It might still be possible for Macau casino operator Galaxy Entertainment Group Ltd to move ahead with its proposed casino resort project in Boracay in the Philippines, suggested a senior official at the country’s casino regulator, the Philippine Amusement and Gaming Corp (Pagcor), in an interview with GGRAsia. That is despite the country’s President Rodrigo Duterte having previously expressed his stance against such a casino scheme.
“I think it is the belief of the President that casino is not good for Boracay. They want to project a wholesome image for Boracay. That is the position at this moment,” said Pagcor’s president and chief operating officer (COO), Alfredo C. Lim (pictured in a file photo), in an interview on Tuesday, on the sidelines of the first day of a casino sector trade show and conference called Global Gaming Expo (G2E) Asia @ the Philippines, the inaugural version of the G2E-branded event in that country.
Pagcor has backed Galaxy Entertainment’s casino resort project in Boracay, given the company’s reputation as a casino operator in Asia and its “environmentally-friendly approach” regarding the project, stated Mr Lim. Galaxy Entertainment announced in March last year that Pagcor had given it a provisional gaming licence for a project in Boracay; but the project was now “put on hold”, the Pagcor COO noted.
“If they [Galaxy Entertainment] can come up with certain measures that will convince the President, maybe there will be reconsiderations of the regional suspension of the [casino] licence [in Boracay],” Mr Lim told GGRAsia.
“The President doesn’t like a casino to be located in Boracay. But you know there might be some changes if he is convinced that measures are undertaken to make sure that the [island's] environment is preserved,” he added.
Galaxy Entertainment’s management had said previously that the project for the island would be “an environment-friendly resort” with about 200 villas and “only 50 to 60 gaming tables”. The investment – in partnership with local firm Leisure and Resorts World Corp –would be proportionate, at between US$300 million and US$500 million.
The Philippine national government has vowed to develop Boracay as a sustainable and family-focused tourism destination.
For the casino resort project to go ahead in Boracay, the developers would have to liaise with several local government departments, especially those of the Department of Natural Resources and Department of Tourism, Mr Lim noted.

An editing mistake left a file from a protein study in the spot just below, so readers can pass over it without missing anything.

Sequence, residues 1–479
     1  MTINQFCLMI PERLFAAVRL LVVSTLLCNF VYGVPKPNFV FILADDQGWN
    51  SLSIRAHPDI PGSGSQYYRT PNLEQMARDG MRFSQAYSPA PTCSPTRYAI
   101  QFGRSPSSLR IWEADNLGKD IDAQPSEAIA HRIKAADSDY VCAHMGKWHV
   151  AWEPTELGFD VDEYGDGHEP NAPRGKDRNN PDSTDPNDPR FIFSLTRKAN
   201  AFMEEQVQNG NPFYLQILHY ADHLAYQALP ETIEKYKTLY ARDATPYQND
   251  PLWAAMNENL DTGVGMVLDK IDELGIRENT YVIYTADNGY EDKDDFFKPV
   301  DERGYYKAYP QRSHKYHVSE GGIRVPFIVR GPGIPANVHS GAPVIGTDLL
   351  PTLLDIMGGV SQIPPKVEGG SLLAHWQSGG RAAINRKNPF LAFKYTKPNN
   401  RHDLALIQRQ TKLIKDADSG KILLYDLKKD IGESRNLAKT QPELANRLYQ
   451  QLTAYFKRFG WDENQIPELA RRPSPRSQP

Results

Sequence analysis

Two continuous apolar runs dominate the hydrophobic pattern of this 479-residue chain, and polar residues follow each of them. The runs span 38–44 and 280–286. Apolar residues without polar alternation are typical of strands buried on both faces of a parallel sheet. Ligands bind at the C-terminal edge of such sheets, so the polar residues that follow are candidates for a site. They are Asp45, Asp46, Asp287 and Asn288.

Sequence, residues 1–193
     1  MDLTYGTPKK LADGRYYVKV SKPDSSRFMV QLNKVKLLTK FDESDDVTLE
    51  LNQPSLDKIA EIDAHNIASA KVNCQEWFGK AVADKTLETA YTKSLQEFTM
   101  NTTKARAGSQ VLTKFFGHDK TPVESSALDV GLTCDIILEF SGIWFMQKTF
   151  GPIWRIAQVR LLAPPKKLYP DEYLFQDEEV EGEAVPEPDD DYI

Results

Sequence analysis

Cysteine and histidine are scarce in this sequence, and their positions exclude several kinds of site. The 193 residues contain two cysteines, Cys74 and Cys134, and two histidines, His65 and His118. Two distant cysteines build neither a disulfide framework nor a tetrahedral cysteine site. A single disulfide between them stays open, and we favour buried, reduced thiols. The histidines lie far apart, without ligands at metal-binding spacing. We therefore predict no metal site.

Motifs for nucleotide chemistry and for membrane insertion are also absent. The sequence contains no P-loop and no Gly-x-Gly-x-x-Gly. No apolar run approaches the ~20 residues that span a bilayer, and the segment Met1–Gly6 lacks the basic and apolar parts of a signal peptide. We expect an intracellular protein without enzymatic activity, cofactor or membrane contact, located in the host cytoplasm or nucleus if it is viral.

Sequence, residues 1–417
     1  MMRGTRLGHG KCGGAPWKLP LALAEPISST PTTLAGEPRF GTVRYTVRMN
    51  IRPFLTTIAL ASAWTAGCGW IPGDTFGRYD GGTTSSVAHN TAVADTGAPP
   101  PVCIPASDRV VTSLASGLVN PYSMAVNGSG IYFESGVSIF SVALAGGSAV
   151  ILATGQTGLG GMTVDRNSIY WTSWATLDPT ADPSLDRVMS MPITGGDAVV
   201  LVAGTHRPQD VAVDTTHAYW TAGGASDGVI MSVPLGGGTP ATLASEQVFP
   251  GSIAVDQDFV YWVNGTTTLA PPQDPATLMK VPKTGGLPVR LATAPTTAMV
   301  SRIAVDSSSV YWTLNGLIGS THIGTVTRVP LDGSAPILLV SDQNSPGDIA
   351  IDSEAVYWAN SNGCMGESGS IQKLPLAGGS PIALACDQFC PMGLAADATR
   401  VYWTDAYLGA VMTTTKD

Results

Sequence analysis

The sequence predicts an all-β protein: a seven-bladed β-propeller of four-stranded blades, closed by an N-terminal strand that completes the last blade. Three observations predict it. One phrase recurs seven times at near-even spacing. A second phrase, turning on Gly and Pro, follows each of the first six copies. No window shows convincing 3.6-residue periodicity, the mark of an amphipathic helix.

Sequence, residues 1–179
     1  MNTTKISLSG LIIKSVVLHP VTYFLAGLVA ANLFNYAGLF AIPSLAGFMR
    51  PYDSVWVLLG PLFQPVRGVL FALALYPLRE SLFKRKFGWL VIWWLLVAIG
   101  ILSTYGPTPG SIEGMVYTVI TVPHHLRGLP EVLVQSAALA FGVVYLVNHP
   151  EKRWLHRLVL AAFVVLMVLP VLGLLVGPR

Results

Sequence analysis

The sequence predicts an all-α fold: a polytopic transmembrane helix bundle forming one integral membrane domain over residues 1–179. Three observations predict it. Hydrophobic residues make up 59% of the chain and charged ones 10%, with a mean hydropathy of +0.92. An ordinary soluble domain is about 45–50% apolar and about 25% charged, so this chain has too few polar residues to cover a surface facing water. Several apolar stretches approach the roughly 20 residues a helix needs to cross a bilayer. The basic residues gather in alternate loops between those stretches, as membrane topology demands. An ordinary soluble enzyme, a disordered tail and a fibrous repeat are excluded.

The Pagcor official also spoke of another casino project planned for Manila by Hong Kong-listed Landing International Development Ltd. In September, the Asian casino promoter said it had been given approximately six months to find an alternative site for a casino resort it planned for the Philippine capital, or it will risk having its provisional gaming licence for that country revoked or suspended.
“As a matter of fact, the chairman [of Pagcor] is also helping them [Landing International] look for another site,” Mr Lim told GGRAsia. The site being sought after is “within Parañaque”, the official confirmed.
In September’s announcement, the company mentioned that the relevant Philippine authorities had declared void the lease for the originally-earmarked site that had been negotiated with a body called Nayong Pilipino Foundation.
Mr Lim said additionally that it was not clear at present when the moratorium on new gaming licences for more large-scale casino complexes or integrated resorts (IRs) is going to end, despite the fact that Clark had seen a partial lifting of the ban last year.
“We do not know if there will be some changes or some modifications to the ban. We do not know if the President will allow casinos to be opened,” Mr Lim said in the interview. For now, the moratorium policy on new casino resort projects in the country is “indefinite”, the official said.
Sep 25, 2023The Macau government has made public the maximum number of licensed gaming promoters – also known as ‘junkets’ – that each of the city’s casino operator will be able to work with in...
"We [estimate] that these illegal [currency exchange] transactions account for somewhere between 50 percent to 60 percent [of Macau's annual gross gaming revenue]”
Managing partner at IGamiX Management and Consulting